Violence Against Women Consortium
The Rutgers Violence Against Women Research Consortium (hereby referred to as the Consortium) works collaboratively with interdisciplinary researchers and the National Institute of Justice (NIJ) research scientists to identify, implement, and disseminate research and evaluation projects that fill the gaps in our current knowledge on intimate partner violence (IPV), sexual violence (SV), stalking, and teen dating violence (TDV). The Consortium is housed at the Center for Research on Ending Violence (REV) at Rutgers University, School of Social Work. Please check out our main website for more information and full details of all the incredible work happening!
The project described on this page was supported by Award No. 2016-MU-CX-K011, awarded by the National Institute of Justice, Office of Justice Programs, U.S. Department of Justice. The opinions, findings, and conclusions or recommendations expressed in this presentation are those of the author and do not necessarily reflect those of the Department of Justice
The goal of the Violence Against Women Research Consortium is to disseminate research to a wide range of audiences. In order to achieve this goal, the Consortium has committed to including a dissemination plan for each research project assigned to the Consortium as well as commit to using our networks to share results as well as develop dissemination products that are useful for practitioners, policy makers, and the general public. As materials are created they will be housed here as well on our main Consortium website. The Consortium is committed to rigorous and ethical research that can be utilized in traditional academic spaces but also with the possibility for broader use and reach.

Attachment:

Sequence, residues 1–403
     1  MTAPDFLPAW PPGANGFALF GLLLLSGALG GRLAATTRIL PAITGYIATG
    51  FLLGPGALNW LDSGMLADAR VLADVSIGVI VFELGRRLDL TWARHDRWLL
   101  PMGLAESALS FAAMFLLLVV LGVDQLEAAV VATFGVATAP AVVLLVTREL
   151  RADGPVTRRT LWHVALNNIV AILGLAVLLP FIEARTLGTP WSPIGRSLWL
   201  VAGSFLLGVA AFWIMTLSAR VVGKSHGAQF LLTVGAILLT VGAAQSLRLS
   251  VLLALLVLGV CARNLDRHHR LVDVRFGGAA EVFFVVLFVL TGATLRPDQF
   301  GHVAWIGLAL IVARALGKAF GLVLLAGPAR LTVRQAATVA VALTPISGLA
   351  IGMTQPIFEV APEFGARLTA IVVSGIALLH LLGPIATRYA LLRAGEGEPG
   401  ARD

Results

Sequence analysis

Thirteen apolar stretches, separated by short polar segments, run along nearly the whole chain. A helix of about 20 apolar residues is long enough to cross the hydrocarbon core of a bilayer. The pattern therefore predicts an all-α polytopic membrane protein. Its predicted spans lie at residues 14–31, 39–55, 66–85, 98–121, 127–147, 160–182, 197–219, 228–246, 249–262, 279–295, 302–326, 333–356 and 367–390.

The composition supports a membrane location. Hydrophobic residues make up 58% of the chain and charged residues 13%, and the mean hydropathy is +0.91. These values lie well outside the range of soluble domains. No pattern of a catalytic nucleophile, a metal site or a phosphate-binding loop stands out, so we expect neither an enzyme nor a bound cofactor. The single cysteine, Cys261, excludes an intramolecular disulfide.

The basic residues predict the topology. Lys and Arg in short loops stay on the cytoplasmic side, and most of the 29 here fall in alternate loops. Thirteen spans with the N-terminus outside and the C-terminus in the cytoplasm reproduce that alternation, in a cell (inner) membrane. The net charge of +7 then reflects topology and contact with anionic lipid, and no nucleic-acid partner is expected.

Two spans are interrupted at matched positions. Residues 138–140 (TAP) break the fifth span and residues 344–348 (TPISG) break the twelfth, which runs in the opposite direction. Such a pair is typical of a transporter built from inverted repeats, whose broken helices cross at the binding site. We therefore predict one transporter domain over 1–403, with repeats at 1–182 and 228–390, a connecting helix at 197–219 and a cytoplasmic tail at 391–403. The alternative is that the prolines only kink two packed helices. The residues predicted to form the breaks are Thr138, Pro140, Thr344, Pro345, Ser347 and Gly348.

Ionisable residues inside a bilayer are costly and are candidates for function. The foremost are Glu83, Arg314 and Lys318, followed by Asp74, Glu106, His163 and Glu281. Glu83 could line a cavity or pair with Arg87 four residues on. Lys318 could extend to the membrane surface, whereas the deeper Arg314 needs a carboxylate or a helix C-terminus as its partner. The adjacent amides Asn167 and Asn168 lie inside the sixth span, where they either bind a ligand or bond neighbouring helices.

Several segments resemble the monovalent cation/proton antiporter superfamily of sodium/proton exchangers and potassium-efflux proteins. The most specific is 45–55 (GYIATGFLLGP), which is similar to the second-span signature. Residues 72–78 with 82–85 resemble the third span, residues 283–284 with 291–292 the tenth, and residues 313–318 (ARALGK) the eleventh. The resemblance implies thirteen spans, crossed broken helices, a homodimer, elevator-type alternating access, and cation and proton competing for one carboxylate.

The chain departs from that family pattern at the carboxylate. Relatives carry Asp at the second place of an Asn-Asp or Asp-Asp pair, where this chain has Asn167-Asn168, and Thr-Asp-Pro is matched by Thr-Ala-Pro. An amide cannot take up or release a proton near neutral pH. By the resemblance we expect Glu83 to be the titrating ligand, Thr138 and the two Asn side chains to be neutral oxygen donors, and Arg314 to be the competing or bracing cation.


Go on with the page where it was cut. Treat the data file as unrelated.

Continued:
Infographics and Reports
- Texting for Patient Care
- Social Networks of Syrian Refugees in Turkey
- Accessing and Completing HIV Preventative Treatment
- Allow Me To Speak: Stories from Latix Survivors
- State-Based Rape Kit Billing
- The V.O.I.C.E Project
- Understanding Economic Abuse Across the Globe
- Economic Self-Efficacy
- Measuring Economic Abuse
- Economic Abuse in the Life of Survivors